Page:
6. What an amazing interview. Joanna is such a thoughtful, articulate soul. I was impressed with the way she continually acknowledged the complexities and difficulties and contradictions, even, of her faith tradition, and manages to stay resolute in her mormonism. My only concern throughout the interview was the uneasy sense i had that in personally resolving to find peace within the church as she so skillfully seems to do, that her own narrative has a tendency to flatten out of the very complexities–particularly the charged political difficulties-within the church. On questions of belonging during Prop 8, for example, Joanna likens the church to a discordant family, and yet, there are people–gay Mormons–killing themselves over the church line on homosexuality. While I loved her stance of inclusivity and her call for more seats at the proverbial Mormon table, I can’t help but worry that, politically speaking, the church stance on gays, intellectuals, feminists, may call for a harder line. How nice that she doesn’t get into the arguments–but really? I imagine that in many ways–although she says she’s scared of saying too much as a feminist for fear of another purge –(!!!)– the church may find her a really welcome and refreshing voice– intelligent, inquisitive, humanizing voice that withholds on history and culture without wielding a political critique calling for reform. Joanna’s own story has this calming effect when, perhaps, more people need to be riled up about what goes on institutionally! Her patience and trust that history will play out righteously seems so very Mormon. But in a moment where so much pain and suffering is so unneccesarry, I can’t help but worry that her diplomacy serves as to pacify potential political action and reform.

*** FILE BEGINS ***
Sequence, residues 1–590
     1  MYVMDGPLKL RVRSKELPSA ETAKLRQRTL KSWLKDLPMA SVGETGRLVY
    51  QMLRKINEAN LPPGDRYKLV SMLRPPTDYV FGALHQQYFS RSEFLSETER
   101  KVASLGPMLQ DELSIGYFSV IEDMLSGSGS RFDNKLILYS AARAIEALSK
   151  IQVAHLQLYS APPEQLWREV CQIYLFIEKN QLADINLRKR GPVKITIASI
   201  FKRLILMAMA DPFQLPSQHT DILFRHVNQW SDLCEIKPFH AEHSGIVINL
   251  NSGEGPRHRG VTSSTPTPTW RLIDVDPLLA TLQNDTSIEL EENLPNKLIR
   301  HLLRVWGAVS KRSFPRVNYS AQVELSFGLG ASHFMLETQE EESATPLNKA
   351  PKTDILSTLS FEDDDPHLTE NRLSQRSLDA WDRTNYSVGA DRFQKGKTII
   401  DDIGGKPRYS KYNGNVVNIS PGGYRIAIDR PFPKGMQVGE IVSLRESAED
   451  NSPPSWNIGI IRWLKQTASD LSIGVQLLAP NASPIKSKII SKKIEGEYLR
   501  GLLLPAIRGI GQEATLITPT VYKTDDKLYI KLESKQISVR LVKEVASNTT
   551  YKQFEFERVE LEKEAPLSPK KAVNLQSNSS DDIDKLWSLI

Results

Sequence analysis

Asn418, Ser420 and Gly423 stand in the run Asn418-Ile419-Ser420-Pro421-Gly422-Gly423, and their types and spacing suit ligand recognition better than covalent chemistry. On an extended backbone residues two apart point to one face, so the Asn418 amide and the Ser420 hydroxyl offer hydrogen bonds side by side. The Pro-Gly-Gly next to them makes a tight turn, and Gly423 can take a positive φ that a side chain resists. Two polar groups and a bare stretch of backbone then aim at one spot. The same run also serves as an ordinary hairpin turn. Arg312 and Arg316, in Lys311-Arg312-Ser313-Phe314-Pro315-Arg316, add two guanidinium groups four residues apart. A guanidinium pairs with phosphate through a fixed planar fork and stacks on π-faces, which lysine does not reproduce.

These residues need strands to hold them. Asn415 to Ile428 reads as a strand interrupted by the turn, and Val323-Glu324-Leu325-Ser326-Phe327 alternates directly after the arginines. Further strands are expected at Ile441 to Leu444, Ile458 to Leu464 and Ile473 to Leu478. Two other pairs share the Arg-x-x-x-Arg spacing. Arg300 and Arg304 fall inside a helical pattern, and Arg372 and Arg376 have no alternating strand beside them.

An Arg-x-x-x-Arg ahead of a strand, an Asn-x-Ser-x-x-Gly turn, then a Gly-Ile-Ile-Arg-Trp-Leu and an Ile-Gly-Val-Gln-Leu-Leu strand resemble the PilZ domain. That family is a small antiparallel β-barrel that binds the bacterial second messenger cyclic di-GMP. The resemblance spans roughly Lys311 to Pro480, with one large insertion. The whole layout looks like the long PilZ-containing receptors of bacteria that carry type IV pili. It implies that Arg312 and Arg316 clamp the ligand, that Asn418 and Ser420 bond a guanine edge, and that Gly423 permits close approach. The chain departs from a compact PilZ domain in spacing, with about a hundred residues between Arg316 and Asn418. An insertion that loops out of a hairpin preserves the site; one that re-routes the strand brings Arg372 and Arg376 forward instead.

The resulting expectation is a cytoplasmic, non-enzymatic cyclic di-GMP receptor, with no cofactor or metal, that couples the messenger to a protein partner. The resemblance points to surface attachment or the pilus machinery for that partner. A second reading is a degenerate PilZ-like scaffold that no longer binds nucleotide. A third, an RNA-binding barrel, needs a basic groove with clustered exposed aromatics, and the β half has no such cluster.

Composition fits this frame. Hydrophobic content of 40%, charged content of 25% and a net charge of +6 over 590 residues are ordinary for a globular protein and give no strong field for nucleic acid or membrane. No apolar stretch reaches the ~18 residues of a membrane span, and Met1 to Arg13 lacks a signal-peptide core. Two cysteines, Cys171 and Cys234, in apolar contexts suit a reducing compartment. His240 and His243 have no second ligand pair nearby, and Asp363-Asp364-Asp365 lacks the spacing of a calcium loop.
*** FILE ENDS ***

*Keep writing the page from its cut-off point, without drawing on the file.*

7. Joanna, you defend a church that you at the same time are afraid of. You don’t dare say too much since this could render excommunication.

    You skipped over the hard questions about authority, priesthood, homosexuality etc. You don’t tell us how this lifestyle of yours works in a community that sunday after sunday teaches that obedience is the highest law in heaven.